Last Friday morning, the Vatican put out communications urging Catholics and the private sector to “progressively and without delay” divest from fossil fuel producers and other entities that perpetuate climate change. The pope called on Catholics to avoid “support for companies harmful to human or social ecology,” such as weapon makers and abortion providers, as well as the fossil fuel industry.
But what do financial advisors and investment managers say?
- Does ESG investing (a.k.a., impact investing, socially responsible investing, etc.) make a difference?
- What about using SMAs to screen out certain stocks and bonds?
- Does being a shareholder of the offensive companies help or hinder ethical concerns?
Here are comments from financial advisor, Haleh Moddasser, CPA, a partner and SVP at Stearns Financial Group based in North Carolina (a Registered Investment Advisory firm managing over $1Billion for its private clients), who says that divesting is a bad idea because people who are opposed to say, fossil fuels, can affect the change they want to see by retaining voting rights. This stance is especially interesting because Ms. Moddasser just published a book called Women On Top: Women, Wealth and Social Change.
The latest Robinhood Investors Conference is in the books, and some hedge funds made an appearance at the conference. In a panel on hedge funds moderated by Maverick Capital's Lee Ainslie, Ricky Sandler of Eminence Capital, Gaurav Kapadia of XN and Glen Kacher of Light Street discussed their own hedge funds and various aspects of Read More
Moddasser says in response to the Vatican mandate:
Divestment is a highly charged issue. And my comments may appear to be on the “wrong side” of the popular movement against climate change; however, divesting fossil fuel stocks may, at best, help an investor "feel" socially responsible, but, at worse, eliminate any chance this investor has of actually impacting corporate behavior. This is because an investor gives up his seat at the table when he or she no longer owns shares in a company stock. No longer can the investor vote on corporate resolutions. And No longer can the investor participate in shareholder resolutions demanding change. No longer can the investor exert influence over the company to develop cleaner sources of energy.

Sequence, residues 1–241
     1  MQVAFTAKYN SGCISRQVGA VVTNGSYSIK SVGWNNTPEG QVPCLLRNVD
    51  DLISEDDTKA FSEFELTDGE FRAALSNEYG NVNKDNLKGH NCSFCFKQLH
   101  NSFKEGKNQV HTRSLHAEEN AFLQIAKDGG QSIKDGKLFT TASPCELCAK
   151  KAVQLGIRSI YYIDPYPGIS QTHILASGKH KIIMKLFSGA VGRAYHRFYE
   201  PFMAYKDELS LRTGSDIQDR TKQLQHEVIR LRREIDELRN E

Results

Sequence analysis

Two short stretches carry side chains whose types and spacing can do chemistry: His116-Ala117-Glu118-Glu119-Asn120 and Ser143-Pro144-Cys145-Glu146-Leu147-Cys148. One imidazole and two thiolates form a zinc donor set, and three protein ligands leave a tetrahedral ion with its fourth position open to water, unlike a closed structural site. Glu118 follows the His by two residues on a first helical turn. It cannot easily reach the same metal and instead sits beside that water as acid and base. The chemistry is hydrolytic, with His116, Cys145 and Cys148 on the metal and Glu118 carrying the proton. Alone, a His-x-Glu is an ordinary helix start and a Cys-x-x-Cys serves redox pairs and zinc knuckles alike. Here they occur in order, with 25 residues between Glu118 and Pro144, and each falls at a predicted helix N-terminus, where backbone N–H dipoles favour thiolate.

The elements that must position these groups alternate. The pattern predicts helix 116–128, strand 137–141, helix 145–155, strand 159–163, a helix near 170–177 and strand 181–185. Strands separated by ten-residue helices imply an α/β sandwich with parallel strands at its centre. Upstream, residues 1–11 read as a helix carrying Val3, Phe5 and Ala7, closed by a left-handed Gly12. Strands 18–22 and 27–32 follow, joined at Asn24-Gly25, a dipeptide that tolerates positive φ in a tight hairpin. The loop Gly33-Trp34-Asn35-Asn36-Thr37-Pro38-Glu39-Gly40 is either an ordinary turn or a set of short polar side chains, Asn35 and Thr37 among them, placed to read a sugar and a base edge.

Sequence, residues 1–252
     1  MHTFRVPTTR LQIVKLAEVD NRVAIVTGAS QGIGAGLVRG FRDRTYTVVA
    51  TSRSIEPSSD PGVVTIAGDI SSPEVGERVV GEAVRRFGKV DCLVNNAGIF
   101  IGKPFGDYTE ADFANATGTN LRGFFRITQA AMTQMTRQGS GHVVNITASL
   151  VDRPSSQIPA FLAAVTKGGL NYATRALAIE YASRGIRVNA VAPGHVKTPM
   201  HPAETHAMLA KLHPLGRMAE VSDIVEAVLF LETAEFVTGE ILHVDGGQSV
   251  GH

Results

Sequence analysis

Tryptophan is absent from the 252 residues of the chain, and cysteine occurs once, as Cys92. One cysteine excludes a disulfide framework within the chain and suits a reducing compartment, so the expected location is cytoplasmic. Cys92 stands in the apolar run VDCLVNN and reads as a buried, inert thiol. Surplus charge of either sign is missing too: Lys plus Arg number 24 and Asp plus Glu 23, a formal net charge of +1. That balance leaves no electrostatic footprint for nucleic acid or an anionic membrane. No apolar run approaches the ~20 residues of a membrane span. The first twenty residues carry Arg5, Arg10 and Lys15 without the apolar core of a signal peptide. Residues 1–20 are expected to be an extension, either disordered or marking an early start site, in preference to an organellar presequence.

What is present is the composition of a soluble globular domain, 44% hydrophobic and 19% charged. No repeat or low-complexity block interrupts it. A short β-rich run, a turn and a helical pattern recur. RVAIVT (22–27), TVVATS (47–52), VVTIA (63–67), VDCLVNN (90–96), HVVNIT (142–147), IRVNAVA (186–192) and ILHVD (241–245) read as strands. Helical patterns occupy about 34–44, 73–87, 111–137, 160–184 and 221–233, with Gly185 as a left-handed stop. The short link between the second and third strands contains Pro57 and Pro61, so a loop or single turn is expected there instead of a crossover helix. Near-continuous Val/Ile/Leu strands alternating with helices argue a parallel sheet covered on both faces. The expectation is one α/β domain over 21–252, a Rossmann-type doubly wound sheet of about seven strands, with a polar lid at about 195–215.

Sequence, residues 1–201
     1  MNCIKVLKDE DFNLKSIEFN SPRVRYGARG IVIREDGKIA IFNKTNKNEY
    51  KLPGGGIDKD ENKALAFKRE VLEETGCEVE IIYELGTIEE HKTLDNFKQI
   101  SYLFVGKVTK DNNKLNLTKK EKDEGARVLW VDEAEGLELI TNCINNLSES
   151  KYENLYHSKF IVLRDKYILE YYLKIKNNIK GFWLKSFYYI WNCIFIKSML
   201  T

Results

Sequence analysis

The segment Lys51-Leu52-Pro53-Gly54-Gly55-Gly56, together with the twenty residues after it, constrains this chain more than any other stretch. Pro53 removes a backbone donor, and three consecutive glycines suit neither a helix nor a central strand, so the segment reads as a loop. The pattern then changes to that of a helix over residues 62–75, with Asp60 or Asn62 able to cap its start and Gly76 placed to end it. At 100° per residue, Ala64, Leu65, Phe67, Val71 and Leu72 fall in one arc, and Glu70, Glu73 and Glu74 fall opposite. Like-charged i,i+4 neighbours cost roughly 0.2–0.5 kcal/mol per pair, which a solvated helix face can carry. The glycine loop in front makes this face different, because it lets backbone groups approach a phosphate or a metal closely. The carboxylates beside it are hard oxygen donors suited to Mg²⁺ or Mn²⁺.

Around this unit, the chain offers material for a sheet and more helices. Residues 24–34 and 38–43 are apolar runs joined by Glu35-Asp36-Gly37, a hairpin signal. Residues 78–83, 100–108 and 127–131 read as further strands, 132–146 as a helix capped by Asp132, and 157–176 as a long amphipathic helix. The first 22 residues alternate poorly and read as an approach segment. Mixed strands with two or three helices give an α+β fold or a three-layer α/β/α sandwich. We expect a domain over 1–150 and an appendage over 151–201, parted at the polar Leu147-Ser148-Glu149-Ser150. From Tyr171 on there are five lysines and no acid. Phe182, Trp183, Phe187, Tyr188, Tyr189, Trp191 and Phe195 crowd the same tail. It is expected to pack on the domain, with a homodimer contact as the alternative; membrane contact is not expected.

Some argue that selling shares robs these companies from the capital they need to continue building their infrastructure. However, on average, over 6 billion shares of stock are sold daily. When an investor sells his or her shares, by definition, someone else is buying them. In no way does this “injure” the company, as these shares are sold on the secondary market to other investors. The company received their capital when the shares were first made public, during an IPO. In fact, the company has no idea whether their shares are being traded as a simple portfolio rebalancing move, or as a statement against climate change. Further, only 10% of all oil production is through public companies. The other 90% of oil production is at the hands of national, state owned companies such as Saudi Aramco and Iranian Oil, the Chinese and Venezuelans. These companies cannot be influenced by divestment, since there are no public shares.
My suggestion for anyone who is truly interested in reducing climate change resulting from the use of oil is to hold shares in companies whose behavior you want to change. In the case of climate change, the goal would be to influence oil companies to develop alternate, cleaner sources of energy. At the end of the day, it is the world’s reliance on oil that is driving demand. Until there is a better alternative, in the form of cleaner energy or alternate technologies, this problem will not go away.
Charles D. Etzweiler, MBA, CIMA®, CFP®, CMT, Chief Research Officer & Senior Vice President at SEC Registered Investment Advisory firm, NEPSIS, Inc., a fee-only financial advisor and wealth management firm investing long-term into equity, and co-host of the radio show: www.InvestingSuccessForYou.com, based in Minneapolis, says that SMAs could be the answer.
The great attributes of SMAs - Etzweiler says in response to the Vatican's call-to-action:
One of the great attributes of Separately Managed Accounts (SMAs) is the ability to customize investor portfolios allowing for greater flexibility and transparency. Because SMAs are managed directly at the client level, unlike mutual funds or ETFs, their holdings can accommodate clients who may have special requests like those in ESG investing. Moreover, because Socially Responsible Investing takes many forms, SMAs permit a fund manager and client the latitude to collaborate on each holding and how they interact in creating the most desirable portfolio possible.